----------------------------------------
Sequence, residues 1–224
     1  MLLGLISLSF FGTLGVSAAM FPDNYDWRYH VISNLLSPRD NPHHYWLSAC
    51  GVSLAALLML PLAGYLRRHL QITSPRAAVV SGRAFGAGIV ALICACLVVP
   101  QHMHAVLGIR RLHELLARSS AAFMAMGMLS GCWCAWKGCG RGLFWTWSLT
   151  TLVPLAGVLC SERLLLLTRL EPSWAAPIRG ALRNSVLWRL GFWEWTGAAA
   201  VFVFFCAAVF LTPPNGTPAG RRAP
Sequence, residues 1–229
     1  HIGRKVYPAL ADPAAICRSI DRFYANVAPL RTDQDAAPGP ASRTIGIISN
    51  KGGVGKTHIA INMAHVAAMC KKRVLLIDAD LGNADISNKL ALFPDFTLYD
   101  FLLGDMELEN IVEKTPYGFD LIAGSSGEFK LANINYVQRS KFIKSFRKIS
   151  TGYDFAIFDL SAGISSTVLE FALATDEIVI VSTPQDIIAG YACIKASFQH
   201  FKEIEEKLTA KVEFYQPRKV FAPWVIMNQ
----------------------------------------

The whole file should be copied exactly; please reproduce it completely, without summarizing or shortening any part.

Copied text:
Sequence, residues 1–224
     1  MLLGLISLSF FGTLGVSAAM FPDNYDWRYH VISNLLSPRD NPHHYWLSAC
    51  GVSLAALLML PLAGYLRRHL QITSPRAAVV SGRAFGAGIV ALICACLVVP
   101  QHMHAVLGIR RLHELLARSS AAFMAMGMLS GCWCAWKGCG RGLFWTWSLT
   151  TLVPLAGVLC SERLLLLTRL EPSWAAPIRG ALRNSVLWRL GFWEWTGAAA
   201  VFVFFCAAVF LTPPNGTPAG RRAP
Sequence, residues 1–229
     1  HIGRKVYPAL ADPAAICRSI DRFYANVAPL RTDQDAAPGP ASRTIGIISN
    51  KGGVGKTHIA INMAHVAAMC KKRVLLIDAD LGNADISNKL ALFPDFTLYD
   101  FLLGDMELEN IVEKTPYGFD LIAGSSGEFK LANINYVQRS KFIKSFRKIS
   151  TGYDFAIFDL SAGISSTVLE FALATDEIVI VSTPQDIIAG YACIKASFQH
   201  FKEIEEKLTA KVEFYQPRKV FAPWVIMNQ